Student admissions may be up on last year, yet the original distance-learning institution, the Open University reports that the request for study breaks during the later stages of the MBA course has also risen.

Some students have been adversely affected by finding out that their jobs are not as secure as they once were and have opted to change their final thesis, the Capstone project, to help them get employed after graduation.

“We find that we are having a lot of discussions with students on alternative job prospects and advising them on the skills they need to build on,” says Dr Michael Ngoasong, director of masters programmes at Open University Business School.

Changing course direction

For all students, not just those facing job uncertainty, particular skills which have always been taught as part of the MBA curriculum have become more prevalent in the last nine months.

Crisis and risk management have taken centre stage with tutorials now focusing on discussions about making ethical decisions in regards to staff welfare.

Often these types of topics don’t always have the sort of engagement form students that universities would like, says Ngoasong but the depth of coverage required in these areas has amplified.

At Surrey Business School it is the teaching of entrepreneurial skills such as creativity, alertness to opportunity, problem solving, and lateral thinking that are most likely to add value during the times of crisis.

“The entrepreneurial minds embraces change and uncertainty, and finds opportunities in the chaos,” says Mahon. “The Surrey MBA has long had this focus, and this has been validated by a sharp increase in interest in the programme since the start of the pandemic.”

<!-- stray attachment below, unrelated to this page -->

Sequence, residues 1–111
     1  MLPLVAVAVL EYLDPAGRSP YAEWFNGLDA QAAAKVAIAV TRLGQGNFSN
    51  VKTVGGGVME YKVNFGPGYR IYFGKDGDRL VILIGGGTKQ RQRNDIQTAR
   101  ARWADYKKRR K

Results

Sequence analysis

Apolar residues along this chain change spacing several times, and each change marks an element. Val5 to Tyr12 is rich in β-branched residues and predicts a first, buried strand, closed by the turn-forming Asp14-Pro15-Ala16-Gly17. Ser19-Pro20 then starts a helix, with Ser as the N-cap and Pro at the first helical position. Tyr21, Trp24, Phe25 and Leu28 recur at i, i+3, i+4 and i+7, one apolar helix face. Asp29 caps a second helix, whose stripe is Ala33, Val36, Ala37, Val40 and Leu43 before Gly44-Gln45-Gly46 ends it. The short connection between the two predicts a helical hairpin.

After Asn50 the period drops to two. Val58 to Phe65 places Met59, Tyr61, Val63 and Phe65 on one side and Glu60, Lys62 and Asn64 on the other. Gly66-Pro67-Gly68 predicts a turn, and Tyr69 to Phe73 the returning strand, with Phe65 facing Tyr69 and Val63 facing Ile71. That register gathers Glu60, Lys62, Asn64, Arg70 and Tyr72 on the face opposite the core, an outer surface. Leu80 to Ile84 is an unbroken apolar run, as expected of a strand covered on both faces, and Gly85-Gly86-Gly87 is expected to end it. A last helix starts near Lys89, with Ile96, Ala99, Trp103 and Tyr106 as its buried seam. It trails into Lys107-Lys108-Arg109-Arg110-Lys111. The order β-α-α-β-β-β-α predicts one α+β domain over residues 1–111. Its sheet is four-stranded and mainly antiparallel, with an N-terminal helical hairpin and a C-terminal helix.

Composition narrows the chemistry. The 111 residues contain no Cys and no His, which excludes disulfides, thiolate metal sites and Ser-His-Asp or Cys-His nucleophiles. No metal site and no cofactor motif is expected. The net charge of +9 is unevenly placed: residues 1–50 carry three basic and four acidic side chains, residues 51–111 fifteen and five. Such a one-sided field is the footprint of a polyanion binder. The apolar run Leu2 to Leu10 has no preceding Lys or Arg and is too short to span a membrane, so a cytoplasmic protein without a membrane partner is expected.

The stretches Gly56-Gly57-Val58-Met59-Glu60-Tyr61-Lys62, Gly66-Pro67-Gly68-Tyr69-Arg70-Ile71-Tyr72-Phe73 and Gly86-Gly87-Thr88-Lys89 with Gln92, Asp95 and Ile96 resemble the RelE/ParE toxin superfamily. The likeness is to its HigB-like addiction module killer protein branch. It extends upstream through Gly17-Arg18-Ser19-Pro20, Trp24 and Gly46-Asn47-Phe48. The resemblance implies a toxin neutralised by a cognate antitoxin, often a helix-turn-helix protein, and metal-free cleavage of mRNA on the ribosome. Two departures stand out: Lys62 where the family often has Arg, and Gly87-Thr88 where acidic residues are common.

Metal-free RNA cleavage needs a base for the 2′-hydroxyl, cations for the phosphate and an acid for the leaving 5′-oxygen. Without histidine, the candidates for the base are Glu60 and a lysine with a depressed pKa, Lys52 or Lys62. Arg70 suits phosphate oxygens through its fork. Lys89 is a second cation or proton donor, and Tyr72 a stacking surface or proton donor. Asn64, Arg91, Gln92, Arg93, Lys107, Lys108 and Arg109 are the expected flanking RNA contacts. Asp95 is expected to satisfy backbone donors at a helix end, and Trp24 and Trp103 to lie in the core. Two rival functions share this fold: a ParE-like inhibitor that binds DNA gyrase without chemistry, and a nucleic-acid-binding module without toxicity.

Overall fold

The London Business School has gone as far to introduce a new course that focuses on pandemic economics. A year ago, such a module would have been unthinkable, but 2020 will be a case study for the decision makers of the future.

“We continue to innovate to ensure that our courses are up to date with the changing landscape of the business world,” says Nalisha Patel, executive director, degree programmes and student experience, London Business School.

Sharing knowledge

One of the ways in which institutions are engaging students at this time is through greater mentoring opportunities.

Due to travel restrictions London Business School has been unable to provide its popular Global Experience courses in their usual format. Instead, it has tailored the course to include a more virtual or hybrid experience while still giving students the opportunity to learn from global business leaders.

Previously networking events would have featured heavily on an MBA student’s calendar but the digitisation of such occasions has provided an even greater pool of alumni for students to learn from.

“We’ve been delighted to connect with people who haven’t been able to fly to Exeter over the years,” says Bagnall. “There’s lots of things we’ve lost to the online world but there’s things that we’ve gained that we weren’t expecting.”

Creating sustainable business practices for the future

This year the Open University has identified a significant increase in the number of applications coming from those in the public or crown sectors.

“In terms of how we address those public and private sector relationships will impact seriously on future management,” says Ngoasong.

Meanwhile, other institutions report an increased focus on sustainability and creating responsible business leaders of the future.

Describing the pandemic as a “backdrop to every subject that’s being delivered this year”, Bagnall states it is similar to when Exeter University made the step to become a ‘one planet MBA’ in 2010.

“When we teach strategy or accounting, we always look at the context in which it operates. What does it mean for the world that we’ve got right now? What does it mean for managing uncertainty? Complexity? Decision Making? You’re constantly bringing all of that into the conversation you’re having.”